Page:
BAJA SERVICE PROJECT MAKES LIFETIME CONNECTIONS FOR SCHOLAR-ATHLETES
In the quiet, pre-dawn hours of a fall morning in 2016, Chris McCready and 34 of his USD baseball teammates assembled at Fowler Park for a trip into the unknown.
Sure, they had taken many bus rides together, squaring off against rival baseball squads across Southern California and beyond.
But this was something special — and maybe a little intimidating. This was a trip across the U.S. border into Northern Baja California to build homes for families in need.
Like many of his Torero teammates, McCready was nervous — but in a good way. As a first-year player, he hadn’t experienced anything like this, and could never have guessed the indelible impact the trip would have on him … even if it got off to a less-than-auspicious start.
“I remember getting on the bus early in the morning, and no one really knew what we were going to do,” McCready, now a senior, recalls. “Everyone was kind of quiet, waiting for something to happen. Then the bus wouldn’t start, and everyone started laughing. It broke the ice a bit.”
The next 72 hours (engine malfunctions notwithstanding) would provide McCready and his teammates a life-changing look into the lives of underserved communities just outside their San Diego doorstep. Head USD Baseball Coach Rich Hill had connected with nonprofit organization Hope Sports — which conducts service projects in poverty-stricken communities around the world — about taking his team to the outskirts of Tijuana for a four-day service immersion trip. There, they would break the 35-man roster into two teams that would build two homes for local families.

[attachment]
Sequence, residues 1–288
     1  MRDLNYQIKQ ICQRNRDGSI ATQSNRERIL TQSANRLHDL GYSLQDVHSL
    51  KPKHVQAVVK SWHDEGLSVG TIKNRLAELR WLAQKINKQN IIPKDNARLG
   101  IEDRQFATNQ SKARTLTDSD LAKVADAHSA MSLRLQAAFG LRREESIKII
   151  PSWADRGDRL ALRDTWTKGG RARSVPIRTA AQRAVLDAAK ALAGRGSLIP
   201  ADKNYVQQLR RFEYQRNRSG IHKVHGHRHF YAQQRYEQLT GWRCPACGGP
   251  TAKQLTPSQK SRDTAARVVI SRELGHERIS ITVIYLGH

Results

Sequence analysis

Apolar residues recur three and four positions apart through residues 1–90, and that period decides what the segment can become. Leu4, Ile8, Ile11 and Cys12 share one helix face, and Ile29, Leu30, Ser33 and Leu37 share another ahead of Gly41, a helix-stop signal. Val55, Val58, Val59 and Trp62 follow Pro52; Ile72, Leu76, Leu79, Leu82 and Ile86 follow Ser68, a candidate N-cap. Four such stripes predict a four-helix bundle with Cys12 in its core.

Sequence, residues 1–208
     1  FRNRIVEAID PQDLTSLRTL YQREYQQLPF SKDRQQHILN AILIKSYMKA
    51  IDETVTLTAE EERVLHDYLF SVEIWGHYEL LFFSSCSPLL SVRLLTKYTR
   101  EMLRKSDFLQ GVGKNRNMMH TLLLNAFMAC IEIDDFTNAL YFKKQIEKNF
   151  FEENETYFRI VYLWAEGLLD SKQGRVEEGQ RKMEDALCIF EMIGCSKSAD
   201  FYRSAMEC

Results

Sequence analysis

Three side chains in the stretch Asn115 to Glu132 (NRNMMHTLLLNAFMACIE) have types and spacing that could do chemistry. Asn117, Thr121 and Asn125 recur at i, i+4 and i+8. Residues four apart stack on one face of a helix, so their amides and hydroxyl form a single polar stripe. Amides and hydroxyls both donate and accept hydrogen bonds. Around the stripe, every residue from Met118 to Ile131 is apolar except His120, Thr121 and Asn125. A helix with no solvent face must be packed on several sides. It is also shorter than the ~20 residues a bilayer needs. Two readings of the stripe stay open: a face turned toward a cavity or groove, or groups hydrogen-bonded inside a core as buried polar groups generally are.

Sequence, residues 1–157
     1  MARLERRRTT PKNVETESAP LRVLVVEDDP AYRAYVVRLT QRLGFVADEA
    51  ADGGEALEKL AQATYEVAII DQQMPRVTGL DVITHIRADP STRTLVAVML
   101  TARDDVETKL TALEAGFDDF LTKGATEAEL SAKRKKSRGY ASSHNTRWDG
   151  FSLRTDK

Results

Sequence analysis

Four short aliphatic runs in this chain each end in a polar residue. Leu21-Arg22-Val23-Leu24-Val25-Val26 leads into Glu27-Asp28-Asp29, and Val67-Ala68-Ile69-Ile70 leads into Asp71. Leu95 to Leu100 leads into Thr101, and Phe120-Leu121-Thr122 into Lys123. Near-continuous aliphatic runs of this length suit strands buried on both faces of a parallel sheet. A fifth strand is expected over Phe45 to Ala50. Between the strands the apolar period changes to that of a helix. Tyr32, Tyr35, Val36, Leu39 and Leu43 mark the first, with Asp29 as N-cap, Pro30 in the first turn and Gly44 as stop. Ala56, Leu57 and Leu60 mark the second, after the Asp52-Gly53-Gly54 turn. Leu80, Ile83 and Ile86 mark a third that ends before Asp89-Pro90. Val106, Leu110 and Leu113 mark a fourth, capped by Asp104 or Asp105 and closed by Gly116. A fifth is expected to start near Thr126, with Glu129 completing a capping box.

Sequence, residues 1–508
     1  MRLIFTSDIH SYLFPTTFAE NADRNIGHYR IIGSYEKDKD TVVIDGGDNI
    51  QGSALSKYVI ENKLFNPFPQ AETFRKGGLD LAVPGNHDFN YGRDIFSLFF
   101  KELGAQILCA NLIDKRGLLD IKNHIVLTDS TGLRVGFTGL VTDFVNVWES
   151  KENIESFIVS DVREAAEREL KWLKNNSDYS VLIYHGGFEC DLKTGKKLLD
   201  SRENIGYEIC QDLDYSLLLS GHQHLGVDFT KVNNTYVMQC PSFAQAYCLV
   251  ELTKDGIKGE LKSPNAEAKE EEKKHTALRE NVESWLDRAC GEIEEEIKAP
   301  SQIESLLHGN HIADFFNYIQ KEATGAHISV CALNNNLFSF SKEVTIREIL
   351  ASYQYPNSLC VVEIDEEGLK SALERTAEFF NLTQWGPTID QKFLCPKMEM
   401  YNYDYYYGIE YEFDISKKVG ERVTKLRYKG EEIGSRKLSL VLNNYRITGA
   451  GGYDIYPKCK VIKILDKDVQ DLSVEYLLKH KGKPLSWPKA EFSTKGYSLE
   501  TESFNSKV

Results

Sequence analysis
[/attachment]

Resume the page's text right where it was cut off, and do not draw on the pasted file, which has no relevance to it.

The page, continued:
Now, some three years and three service trips later, the annual project has become a source of pride for all members of the Torero baseball family. “An experience like this is so important to our athletes,” Hill says. “It shapes them, it provides perspective, and shows them how lucky they are to have the opportunities they have.”
Everyone who participates understands that the house builds are much more than the melding of plywood, glass and concrete. It’s an opportunity to make a deep and meaningful connection with those less fortunate, and to share that amazing experience with coaches and teammates.
“It’s really difficulty to get access to a project like this where you’re making such a direct impact on someone’s life,” says Hunter Mercado-Hood ’17, a former Torero outfielder who still makes time to participate in the Baja service project, despite having to commute from Northern California. “There’s a line out the door of alumni who want to still be part of this. The gift and gratitude swing both ways; the families are so grateful to us for building them a home, but we all are so grateful to them for helping us appreciate everything that we have.”
“Anyone who participates in this service project gets so much out of it,” adds McCreary. “I hope we do this as long as the work is needed.” — Mike Sauer
Read our complete border story package, Beyond the Wall.